- Make connections. What speaks to you? Why does it speak to you? This is your chance to make personal connections to the piece and bring your life experiences, world views, and knowledge of history into the literature you are studying.
- Identify the impact of literary devices. Beyond being able to label something as a simile or an example of personification or a section of alliteration, reflect on the impact the use of literary devices has on the piece and on the reader. Often literary devices guide readers toward meaning.
- Get to know the author. While you should not assume that everything you read is a direct reflection of the author’s own beliefs and experiences, it does help to know a little bit about the author when analyzing something he or she wrote. Bringing the author’s background, experiences, and beliefs into the discussion can broaden your interpretation of the work and allows for another voice to come to the table.
- Annotate. Make notes as you read. These annotations allow you to read carefully, catch things you may have missed otherwise, and process as you read. Here’s a separate blog just on annotating.
- Discuss with others. Similar to point four above, discussing with others allows more voices to come into your interpretation of a text. Sometimes these voices will open your eyes to something you didn’t see. Sometimes these voices will affirm something you already think. Sometimes you will appreciate someone else’s perspective but not agree with it. All of this is good.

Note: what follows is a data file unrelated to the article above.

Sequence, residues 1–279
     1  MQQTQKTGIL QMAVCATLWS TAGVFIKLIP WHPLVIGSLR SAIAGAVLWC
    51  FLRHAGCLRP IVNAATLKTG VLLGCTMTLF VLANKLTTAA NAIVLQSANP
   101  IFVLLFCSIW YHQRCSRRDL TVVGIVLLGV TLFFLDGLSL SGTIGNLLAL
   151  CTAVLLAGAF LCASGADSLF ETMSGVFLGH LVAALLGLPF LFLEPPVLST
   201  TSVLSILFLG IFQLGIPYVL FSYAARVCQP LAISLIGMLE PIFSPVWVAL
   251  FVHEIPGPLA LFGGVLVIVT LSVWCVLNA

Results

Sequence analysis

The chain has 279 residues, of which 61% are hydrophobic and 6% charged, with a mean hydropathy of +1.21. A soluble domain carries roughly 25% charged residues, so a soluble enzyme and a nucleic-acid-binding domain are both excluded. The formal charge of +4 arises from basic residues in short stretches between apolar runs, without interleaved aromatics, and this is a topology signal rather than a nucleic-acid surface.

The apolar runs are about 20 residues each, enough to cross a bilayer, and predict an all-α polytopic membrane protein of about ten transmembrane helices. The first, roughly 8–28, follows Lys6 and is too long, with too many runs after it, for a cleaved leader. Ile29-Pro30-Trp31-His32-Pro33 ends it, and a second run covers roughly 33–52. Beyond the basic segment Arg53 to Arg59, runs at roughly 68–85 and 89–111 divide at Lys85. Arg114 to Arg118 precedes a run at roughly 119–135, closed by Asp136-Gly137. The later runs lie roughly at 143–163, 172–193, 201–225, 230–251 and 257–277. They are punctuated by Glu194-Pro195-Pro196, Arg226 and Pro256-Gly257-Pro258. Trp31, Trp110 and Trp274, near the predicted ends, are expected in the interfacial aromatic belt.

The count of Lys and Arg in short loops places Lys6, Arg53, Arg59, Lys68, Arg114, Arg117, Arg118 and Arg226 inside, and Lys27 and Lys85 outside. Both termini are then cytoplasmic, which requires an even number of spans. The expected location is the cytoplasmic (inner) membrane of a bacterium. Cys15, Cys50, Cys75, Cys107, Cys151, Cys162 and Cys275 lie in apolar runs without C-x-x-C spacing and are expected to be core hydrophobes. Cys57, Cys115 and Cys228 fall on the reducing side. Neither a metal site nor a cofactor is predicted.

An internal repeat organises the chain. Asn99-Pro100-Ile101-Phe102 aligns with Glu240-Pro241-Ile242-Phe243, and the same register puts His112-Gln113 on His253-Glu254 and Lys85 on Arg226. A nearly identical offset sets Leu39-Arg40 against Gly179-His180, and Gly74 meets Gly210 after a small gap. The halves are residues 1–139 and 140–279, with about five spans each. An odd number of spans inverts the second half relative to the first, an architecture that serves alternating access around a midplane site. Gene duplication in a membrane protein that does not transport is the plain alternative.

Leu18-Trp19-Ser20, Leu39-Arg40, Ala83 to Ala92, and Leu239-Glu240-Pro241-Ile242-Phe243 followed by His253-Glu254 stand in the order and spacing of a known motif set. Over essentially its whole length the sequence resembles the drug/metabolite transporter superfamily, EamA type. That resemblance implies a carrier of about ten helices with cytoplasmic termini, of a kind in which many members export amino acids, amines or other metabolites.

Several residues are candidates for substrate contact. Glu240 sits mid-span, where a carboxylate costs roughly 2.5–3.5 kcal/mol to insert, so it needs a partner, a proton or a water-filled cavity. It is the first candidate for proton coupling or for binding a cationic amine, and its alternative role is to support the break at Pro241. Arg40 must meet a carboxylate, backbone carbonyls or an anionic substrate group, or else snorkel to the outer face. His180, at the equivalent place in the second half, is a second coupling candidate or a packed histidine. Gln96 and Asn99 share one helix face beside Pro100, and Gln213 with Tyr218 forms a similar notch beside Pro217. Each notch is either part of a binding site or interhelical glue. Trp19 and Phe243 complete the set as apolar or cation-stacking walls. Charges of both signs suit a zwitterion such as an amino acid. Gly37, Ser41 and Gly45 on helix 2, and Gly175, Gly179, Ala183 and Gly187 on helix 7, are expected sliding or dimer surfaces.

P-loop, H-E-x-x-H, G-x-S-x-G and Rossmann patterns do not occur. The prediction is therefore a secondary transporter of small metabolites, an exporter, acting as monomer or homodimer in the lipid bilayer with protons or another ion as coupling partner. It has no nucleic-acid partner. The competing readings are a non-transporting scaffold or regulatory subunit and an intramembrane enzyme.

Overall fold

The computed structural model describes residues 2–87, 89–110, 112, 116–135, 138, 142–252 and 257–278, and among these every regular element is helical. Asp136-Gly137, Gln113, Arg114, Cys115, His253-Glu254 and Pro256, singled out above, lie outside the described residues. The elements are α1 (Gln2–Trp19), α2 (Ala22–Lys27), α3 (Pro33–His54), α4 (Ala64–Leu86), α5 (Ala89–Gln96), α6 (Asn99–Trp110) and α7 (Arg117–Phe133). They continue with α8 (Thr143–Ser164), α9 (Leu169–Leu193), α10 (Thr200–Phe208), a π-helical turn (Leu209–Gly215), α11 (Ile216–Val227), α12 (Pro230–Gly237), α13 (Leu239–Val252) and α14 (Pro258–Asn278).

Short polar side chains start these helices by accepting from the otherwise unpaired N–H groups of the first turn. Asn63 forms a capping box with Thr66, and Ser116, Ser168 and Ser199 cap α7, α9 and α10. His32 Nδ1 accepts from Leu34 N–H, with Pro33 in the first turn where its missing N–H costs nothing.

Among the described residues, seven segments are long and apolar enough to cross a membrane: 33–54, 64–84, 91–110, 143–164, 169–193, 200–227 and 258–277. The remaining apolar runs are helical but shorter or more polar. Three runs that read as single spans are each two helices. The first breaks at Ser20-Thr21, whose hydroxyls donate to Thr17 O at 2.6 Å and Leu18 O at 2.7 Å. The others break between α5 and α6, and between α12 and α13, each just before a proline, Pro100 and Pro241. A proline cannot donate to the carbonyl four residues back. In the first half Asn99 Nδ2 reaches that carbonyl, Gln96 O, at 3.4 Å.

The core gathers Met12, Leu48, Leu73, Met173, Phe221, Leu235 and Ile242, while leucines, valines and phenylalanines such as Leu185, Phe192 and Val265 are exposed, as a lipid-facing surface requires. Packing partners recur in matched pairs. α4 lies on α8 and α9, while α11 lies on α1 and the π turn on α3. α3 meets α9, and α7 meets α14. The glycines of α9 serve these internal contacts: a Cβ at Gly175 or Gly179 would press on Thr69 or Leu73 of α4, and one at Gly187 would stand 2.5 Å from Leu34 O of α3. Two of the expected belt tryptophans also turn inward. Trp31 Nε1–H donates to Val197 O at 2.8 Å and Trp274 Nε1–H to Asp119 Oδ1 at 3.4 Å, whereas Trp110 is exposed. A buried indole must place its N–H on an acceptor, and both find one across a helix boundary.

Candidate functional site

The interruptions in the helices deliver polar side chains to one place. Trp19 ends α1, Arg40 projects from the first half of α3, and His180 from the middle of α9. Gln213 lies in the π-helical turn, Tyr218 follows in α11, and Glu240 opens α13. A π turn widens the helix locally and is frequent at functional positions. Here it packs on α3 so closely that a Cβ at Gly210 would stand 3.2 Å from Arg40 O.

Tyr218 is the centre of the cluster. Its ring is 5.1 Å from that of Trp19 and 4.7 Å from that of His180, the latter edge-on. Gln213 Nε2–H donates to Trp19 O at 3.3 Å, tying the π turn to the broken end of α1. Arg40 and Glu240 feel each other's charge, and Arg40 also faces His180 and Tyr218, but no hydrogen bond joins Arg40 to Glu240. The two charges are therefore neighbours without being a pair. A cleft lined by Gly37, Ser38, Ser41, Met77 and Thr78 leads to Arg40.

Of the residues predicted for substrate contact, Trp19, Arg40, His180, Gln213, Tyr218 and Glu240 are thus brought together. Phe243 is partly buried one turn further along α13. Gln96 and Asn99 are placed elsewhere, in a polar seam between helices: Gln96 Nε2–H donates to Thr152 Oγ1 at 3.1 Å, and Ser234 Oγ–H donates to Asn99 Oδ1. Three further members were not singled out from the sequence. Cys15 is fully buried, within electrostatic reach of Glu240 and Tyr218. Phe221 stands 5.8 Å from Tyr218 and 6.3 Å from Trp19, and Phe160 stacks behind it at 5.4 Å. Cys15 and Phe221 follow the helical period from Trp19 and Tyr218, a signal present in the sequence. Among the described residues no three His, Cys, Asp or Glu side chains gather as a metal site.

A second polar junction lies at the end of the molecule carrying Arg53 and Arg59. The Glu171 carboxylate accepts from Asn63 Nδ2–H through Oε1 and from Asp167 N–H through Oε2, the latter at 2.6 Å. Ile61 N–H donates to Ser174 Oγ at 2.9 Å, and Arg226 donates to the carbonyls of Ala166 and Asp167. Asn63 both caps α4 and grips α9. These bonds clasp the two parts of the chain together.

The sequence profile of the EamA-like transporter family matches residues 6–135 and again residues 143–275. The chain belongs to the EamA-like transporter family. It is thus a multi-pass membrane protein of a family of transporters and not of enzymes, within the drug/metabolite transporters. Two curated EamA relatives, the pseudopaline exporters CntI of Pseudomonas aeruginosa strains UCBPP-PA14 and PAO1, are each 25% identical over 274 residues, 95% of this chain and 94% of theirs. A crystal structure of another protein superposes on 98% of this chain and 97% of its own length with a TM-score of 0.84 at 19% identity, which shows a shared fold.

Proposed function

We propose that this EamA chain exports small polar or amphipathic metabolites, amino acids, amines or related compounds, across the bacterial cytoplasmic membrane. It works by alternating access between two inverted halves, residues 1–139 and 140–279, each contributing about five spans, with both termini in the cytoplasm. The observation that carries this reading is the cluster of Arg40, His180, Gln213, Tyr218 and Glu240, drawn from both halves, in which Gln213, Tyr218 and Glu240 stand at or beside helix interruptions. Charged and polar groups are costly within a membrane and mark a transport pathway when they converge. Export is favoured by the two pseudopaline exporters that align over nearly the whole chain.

- Lastly, let go of the pressure to fully grasp the text. Some authors want to leave the reader disoriented (looking at you, Poe); it’s part of the reading experience. If you go into every piece of literature thinking you have to have it completely figured out, you are doing it wrong. Appreciate the text even if you feel lost. Find meaning where you can, acknowledge the literary devices, surrender to the mood, and figure out what makes you feel the way you are feeling. Make connections. Get to know the characters. And enjoy!
Stephen King’s On Writing
Flannery O’Connor quote from the letters of Flannery O’Connor
Jess Woods graduated from Indiana University with a degree in English Education. Upon graduating she taught in a public high school for three years before deciding to stay home with her children. Since 2013, she has been teaching middle school and high school English courses online. Jess is a life-long reader and writer. She comes alive in the company of words and music, and she has a passion for literature that reaches through every part of her being. She believes wholeheartedly that each person has a relevant voice and perspective, and she eagerly teaches her students to embrace their individual voices by exploring their own thoughts and learning to confidently articulate them. It is her desire to encourage growth in all students (regardless of their love for English courses…or lack thereof). She considers it a tremendous success if she can awaken a love of literature and/or composition in her students. Jess currently resides in Alabama with her pastor-husband, Josh. The couple has three children, two dogs, and two cats. While reading and writing are clearly on the top of her hobby list, Jess also enjoys all things musical, cooking competition shows, hiking, running, and traveling.